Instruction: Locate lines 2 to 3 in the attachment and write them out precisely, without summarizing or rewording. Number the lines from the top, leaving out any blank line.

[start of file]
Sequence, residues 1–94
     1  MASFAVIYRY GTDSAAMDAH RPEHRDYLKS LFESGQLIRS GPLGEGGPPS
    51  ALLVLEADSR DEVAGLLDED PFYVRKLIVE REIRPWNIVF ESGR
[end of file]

     1  MASFAVIYRY GTDSAAMDAH RPEHRDYLKS LFESGQLIRS GPLGEGGPPS
    51  ALLVLEADSR DEVAGLLDED PFYVRKLIVE REIRPWNIVF ESGR